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Lack of Website Causes Problem
Last spring, a professional colleague asked if I'd ever visited Christian House of Prayer. I told her I was unfamilair with this church of which she and her husband were members. Making a mental note to visit, I finally turned my thoughts toward a visit on June 3, but first to find it.
Finding a map to the church on Google but nothing about service times, I was unable to locate anything resembling a website. There a Google+ page (click on above hyperlink) but other than providing a map and directions, no other information about the church was given. A fully functional website is one of the basics churches must have these days!
Warm Greeting But Late Arrival
Arriving at the church at 10:30, the recalled start time based on my friend's discussion, I heard the music through the walls of the church from the parking lot. Upon entering I was warmly greeted by a man/woman team. Asking my name, and how I'd heard about them*, they then gave me a name badge and bulletin. At least four people greeted me before I reached my seat. There was sparse attendance, 30 or so, by the time the church finished filling up over the course of the hour. Attendees were well-dressed, much better than the average church I visit. The service was already in progress, having started at 10:00 a.m.
All of the singing was to soundtracks. The singers were five attractively dressed women in matching yellow gowns. The music was good, mostly praise songs, and the vocals were great, a form of black R&B gospel offerings. The music continued until around 11 a.m. Most of the attendees seemed familiar with the lyrics although I could not recognize any of the tunes. Every church has it's own culture, but I feel a one-hour musical service is a bit too long. There was much repetition in the songs, and the final song, Breath Into Me, was repeated so many times I lost count. The singers were led offstage by a small boy, a respectful touch. Many churches are completely finished with a full serving of Christian love, communion or eucharist, Bible study, and a sermon, in this amount of time, i.e. one-hour.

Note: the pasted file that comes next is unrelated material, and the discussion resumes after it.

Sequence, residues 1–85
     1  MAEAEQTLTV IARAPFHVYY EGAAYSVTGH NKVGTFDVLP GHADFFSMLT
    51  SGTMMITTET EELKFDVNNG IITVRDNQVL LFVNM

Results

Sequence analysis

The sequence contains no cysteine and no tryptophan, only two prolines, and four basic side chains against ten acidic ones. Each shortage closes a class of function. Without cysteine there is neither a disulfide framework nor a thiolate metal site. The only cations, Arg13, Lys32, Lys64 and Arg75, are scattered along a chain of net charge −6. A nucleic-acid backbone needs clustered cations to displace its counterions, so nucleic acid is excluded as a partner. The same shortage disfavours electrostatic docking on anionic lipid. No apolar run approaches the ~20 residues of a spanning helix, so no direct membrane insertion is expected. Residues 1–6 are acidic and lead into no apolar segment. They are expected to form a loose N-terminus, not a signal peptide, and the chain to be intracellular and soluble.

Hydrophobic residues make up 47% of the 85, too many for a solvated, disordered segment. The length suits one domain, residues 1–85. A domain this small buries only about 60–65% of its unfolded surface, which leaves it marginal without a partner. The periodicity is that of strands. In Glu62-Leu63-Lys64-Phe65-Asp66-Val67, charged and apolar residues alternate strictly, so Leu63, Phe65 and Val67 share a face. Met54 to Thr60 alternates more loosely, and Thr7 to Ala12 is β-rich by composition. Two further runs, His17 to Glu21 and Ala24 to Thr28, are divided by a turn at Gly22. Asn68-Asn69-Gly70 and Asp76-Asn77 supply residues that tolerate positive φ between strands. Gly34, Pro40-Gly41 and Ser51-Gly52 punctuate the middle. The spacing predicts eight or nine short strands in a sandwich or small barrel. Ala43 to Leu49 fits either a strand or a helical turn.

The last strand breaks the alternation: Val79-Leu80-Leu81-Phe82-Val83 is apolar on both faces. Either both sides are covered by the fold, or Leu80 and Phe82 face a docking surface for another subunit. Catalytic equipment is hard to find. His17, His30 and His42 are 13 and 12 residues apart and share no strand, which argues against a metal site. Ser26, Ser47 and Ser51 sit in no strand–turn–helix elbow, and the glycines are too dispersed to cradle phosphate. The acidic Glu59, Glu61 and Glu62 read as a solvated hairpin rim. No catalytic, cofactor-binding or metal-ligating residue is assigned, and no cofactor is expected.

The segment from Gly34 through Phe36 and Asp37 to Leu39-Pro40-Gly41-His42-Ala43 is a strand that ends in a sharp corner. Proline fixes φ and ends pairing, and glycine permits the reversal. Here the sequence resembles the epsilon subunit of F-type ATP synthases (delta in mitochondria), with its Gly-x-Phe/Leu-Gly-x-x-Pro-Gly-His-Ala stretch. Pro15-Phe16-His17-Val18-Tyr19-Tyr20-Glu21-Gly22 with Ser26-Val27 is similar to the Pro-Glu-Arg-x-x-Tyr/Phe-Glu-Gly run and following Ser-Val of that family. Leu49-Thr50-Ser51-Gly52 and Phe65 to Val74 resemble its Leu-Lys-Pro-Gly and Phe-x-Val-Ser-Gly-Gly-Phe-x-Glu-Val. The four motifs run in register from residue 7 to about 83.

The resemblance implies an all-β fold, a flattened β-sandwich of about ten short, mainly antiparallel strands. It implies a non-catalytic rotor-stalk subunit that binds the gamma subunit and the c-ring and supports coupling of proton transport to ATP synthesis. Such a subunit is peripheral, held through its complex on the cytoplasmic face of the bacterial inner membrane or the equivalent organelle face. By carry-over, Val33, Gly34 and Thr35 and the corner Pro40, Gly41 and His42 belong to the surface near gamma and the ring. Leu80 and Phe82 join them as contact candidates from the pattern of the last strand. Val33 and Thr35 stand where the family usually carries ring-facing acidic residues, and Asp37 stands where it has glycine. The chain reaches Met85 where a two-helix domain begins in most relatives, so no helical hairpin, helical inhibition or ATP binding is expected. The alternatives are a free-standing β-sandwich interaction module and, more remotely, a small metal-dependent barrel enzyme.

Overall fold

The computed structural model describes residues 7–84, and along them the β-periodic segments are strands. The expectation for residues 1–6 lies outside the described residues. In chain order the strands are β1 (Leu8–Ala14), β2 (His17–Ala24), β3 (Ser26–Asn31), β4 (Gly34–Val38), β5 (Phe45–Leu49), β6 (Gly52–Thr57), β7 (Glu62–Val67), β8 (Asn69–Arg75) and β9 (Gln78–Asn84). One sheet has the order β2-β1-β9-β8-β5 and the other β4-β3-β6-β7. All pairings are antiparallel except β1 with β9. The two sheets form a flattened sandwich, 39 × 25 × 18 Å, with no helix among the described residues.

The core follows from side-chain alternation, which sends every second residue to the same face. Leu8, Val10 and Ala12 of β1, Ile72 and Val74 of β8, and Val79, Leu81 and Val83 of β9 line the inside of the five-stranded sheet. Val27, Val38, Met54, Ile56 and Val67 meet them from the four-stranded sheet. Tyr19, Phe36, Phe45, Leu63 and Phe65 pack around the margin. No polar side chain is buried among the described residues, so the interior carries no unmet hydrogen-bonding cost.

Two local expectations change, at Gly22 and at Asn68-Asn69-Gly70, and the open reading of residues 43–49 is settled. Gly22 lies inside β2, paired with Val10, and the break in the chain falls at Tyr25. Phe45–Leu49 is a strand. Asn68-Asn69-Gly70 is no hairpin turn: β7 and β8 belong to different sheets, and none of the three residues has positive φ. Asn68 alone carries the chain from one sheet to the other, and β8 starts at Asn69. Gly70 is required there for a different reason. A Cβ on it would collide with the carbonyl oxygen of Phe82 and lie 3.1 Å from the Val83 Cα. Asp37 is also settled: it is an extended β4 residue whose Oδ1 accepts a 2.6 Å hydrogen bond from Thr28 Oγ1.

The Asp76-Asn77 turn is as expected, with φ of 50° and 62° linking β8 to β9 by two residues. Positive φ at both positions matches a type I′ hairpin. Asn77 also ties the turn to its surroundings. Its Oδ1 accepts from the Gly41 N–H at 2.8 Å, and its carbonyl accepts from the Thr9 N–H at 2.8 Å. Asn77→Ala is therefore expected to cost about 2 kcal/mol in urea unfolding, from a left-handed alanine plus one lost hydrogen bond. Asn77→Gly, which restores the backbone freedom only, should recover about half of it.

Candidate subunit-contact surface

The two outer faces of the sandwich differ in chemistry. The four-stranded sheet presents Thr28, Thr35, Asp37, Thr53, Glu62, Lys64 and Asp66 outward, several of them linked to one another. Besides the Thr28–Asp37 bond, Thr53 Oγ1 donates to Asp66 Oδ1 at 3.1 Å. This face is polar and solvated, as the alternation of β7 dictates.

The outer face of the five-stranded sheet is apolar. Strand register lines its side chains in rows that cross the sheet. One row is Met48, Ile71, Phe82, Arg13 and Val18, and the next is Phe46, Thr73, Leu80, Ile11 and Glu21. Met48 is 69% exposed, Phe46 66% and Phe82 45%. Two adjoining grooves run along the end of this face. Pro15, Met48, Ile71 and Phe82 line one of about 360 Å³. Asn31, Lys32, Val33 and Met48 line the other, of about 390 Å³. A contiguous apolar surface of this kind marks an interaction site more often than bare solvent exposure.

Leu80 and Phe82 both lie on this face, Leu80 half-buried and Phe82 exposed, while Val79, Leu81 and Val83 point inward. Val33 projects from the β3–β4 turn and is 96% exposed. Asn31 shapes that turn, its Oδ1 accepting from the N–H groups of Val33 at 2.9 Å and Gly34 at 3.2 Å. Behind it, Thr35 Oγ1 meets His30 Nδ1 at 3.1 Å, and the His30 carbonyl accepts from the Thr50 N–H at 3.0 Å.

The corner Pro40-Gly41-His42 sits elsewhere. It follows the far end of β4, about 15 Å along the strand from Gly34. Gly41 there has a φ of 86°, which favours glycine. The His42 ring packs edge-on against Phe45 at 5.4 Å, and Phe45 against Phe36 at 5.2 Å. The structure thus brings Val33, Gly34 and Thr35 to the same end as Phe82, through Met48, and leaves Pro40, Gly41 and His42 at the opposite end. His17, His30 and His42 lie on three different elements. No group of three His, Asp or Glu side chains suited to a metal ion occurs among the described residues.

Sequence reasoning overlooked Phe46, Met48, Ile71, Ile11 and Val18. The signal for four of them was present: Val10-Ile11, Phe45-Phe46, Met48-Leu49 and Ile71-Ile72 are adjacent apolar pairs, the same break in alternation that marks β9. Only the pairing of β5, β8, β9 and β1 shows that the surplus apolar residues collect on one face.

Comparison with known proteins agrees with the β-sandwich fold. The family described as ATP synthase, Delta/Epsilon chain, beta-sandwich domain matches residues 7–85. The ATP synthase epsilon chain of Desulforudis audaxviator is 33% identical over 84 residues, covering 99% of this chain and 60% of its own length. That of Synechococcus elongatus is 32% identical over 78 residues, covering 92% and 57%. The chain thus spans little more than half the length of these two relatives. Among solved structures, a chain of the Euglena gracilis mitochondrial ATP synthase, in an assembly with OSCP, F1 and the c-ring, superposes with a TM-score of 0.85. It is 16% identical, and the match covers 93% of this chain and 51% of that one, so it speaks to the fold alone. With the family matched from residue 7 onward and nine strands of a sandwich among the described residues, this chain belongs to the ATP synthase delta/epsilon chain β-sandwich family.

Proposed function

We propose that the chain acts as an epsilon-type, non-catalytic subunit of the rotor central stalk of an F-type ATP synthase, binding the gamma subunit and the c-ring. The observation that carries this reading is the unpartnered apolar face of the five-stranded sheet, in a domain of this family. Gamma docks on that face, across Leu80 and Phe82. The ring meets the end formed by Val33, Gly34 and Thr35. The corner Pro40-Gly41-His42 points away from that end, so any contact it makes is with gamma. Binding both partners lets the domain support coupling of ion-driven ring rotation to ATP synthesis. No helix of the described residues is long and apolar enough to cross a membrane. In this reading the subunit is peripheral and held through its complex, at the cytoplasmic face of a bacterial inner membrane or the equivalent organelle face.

The next hour was consumed with prayer, an offering, and a lengthy meet n' greet. The prayer was delivered by a woman who strode back and forth in front of the podium invoking and repeating the various names of God (Father God, Lord God, God, etc.) with increasing volume. It was a wonderful prayer, one which many other churches could learn from. Before the offering there was a gracious time of welcome in which vistors were also asked to stand up and introduce themselves. Most church experts believe this practice to be hazardous as it tends to distance visiting guests. The call for the offering involved a long exhortation from a member, about giving, after which members formed lines going forward to deposit their offerings. A second offering for pastoral appreciation was also called. After this the women in yellow came back up and sang again. This section of the worship service ended with a meet n' greet seeming so long, I though church had let out. Less than 10 of the 30 worshipers came by to greet me.
The Third Hour
When Pastor Tobitha Lawrence, one of the five women singers dressed in yellow, finally settled in at the podium, people perked up and opened their Bibles or electronic devices with their Bibles on them. Pastor Lawrence is an articulate speaker and a real student of scripture. I enjoyed listening to her. Unfortunately, at about 12:20 p.m., after I took a quick picture of the pastor preaching, my second picture of the day, (see picture above) I heard a voice in my ear telling me not to take pictures. I've never been asked by any other Anchorage church not to take pictures but respected the request. I could see this was going to be a long service, and chose not to stay any longer. After I left this person followed me outside. We discussed his request. At this time I identified myself and the reason for my visit. He said he just didn't know what I was doing by taking pictures. I'll give Christian House of Prayer the benefit of the doubt, but thank the other Anchorage churches for their patience with me taking a picture or two.
In retrospect, I feel the service could have been shortened by an hour or even more. Clearly it's their church culture, not mine. They're duly proud of their church and should be. Their pastor is well-liked and articulate. They are raising money for a new church and proudly share those results weekly. This church could benefit from a fully functional website. Our community offers a diversity of beliefs, service styles, and choices of houses of worship for which I am duly thankful.
*Most church experts tend to agree it's friendlier for greeters to offer their name to a visitor, than to ask the visitor's name. Also, asking how guests found you is a bit self-serving and distancing. It's better to say, "We're glad you found us and hope you are blessed by worshiping with us."